Pentagon proposals on efficiency savings deserve Congressional support as conservative leaders dodge key facts. The Pentagon’s budget request includes efficiency savings that would add up to billions over the next few years, including savings from trimming excess headquarters, modest acquisition reform, Base Realignment and Closure (BRAC) and modest changes to compensation, including military healthcare. Of these, BRAC may be the most politically challenging, facing strong opposition on the Hill. HASC Chairman Buck McKeon (R-CA) has said, “They ought to probably start by documenting and showing us what was saved in the last BRAC. If they are serious about wanting a BRAC, they’re going to have to show that a BRAC would save some money.” However, the historical benefits of past BRAC rounds have already been widely acknowledged. Lt. Gen. David Barno (ret.), Nora Bensahel, Jake Stokes and coauthors explain the benefits, “DOD currently saves $12 billion per year from previous rounds of BRAC — $4 billion for the 2005 round and $8 billion for the four rounds before that…Combined with savings from closing [unneeded] DOD schools in the United States and reducing base support and facilities maintenance costs, authorizing and conducting a BRAC round could save up to $17 billion over the decade, with much greater savings afterwards.” [Buck McKeon, 2/27/14. David Barno, Nora Bensahel, Jake Stokes et al, 6/6/13]
Use of war funding as a slush fund to skirt budget caps should stop; vigilance required. The Overseas Contingency Operations (OCO) budget – intended to finance ongoing combat operations – has yet to be submitted. However, historically, the Pentagon has filtered considerable war funding back to its base budget. In 2014, so much was filtered back to the base budget that most of the spending reductions were undone. Todd Harrison of CSBA explains, “Since the enactment of the BCA, which does not count war-related funding against DoD’s budget cap, Congress and DoD have moved items that had been funded in the base budget to the OCO budget. In FY 2014, this practice appeared to expand. DoD transferred some $20 billion in operations and maintenance funding from the base budget to OCO in the budget request (author’s estimate), and Congress moved an additional $9.6 billion from base to OCO in the appropriations bill.” [Todd Harrison, 3/14]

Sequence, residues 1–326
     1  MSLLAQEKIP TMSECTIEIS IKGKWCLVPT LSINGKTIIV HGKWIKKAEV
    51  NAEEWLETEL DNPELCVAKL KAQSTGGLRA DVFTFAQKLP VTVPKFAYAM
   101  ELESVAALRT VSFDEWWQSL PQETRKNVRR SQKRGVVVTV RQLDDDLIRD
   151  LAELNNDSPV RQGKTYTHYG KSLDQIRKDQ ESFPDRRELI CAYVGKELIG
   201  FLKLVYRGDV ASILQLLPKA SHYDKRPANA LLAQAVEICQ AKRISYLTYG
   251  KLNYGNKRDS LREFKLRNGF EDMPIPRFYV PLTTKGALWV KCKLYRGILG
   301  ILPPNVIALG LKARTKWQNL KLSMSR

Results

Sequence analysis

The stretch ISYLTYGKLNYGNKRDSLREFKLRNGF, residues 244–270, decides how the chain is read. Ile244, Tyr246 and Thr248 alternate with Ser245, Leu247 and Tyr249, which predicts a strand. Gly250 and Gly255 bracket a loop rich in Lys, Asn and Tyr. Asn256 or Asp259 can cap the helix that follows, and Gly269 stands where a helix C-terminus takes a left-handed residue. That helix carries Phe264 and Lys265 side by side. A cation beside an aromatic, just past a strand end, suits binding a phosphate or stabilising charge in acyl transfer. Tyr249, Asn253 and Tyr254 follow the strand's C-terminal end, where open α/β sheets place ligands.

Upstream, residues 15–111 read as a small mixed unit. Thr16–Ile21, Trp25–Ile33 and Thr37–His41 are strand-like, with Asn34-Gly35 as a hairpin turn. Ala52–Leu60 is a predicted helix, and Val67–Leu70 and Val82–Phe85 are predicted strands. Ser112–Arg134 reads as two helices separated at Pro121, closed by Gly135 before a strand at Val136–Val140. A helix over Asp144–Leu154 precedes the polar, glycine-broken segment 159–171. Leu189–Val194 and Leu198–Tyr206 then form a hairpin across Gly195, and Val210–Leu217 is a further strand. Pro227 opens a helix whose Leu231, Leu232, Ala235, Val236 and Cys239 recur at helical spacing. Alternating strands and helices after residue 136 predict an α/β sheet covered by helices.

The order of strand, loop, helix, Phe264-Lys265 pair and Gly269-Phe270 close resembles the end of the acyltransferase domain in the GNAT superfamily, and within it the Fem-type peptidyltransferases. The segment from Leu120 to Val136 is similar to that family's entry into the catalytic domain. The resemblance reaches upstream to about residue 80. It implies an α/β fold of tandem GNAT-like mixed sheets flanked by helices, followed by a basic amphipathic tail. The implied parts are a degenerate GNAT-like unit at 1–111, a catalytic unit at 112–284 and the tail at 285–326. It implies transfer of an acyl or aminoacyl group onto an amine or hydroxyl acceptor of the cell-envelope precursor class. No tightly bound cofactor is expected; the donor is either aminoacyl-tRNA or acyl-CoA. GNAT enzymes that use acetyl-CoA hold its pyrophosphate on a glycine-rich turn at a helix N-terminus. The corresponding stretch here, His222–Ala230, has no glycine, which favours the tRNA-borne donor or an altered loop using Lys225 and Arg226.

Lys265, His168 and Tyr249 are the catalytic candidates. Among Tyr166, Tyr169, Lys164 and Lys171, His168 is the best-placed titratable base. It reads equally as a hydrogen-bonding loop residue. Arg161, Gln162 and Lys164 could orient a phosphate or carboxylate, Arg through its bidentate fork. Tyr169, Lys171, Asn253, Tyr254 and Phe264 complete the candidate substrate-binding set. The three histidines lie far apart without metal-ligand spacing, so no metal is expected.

Quadrennial Defense Review (QDR) makes positive move to consider resources in setting smart, achievable priorities. The 2014 QDR for the first time was written to take likely available national resources into account in setting priorities to guide investments. Congressman Buck McKeon (R-CA) rejected the document as “budget driven.” But the need for formulating strategy alongside resources constraints are in line with expert thinking on managing the Pentagon during a period of tight resources. One of the conclusions reached by a CSIS conference leading up to the QDR attended by national security experts, including Michael O’Hanlon, Gordon Adams, David Berteau, 2010 QDR author Shawn Brimley and former National Security Advisor Stephen Hadley, was that: “the main thrust of the 2014 QDR should focus on establishing capability priorities under the increasingly tight fiscal constraints caused by the combined effects of the defense drawdown and continued internal cost growth. Understanding the force structure and capabilities that are affordable at different levels of resource availability will aid senior decision makers in reaching informed decisions on which capabilities to cut and which to preserve.” [Buck McKeon, 3/4/14. CSIS Conference, 3/13.]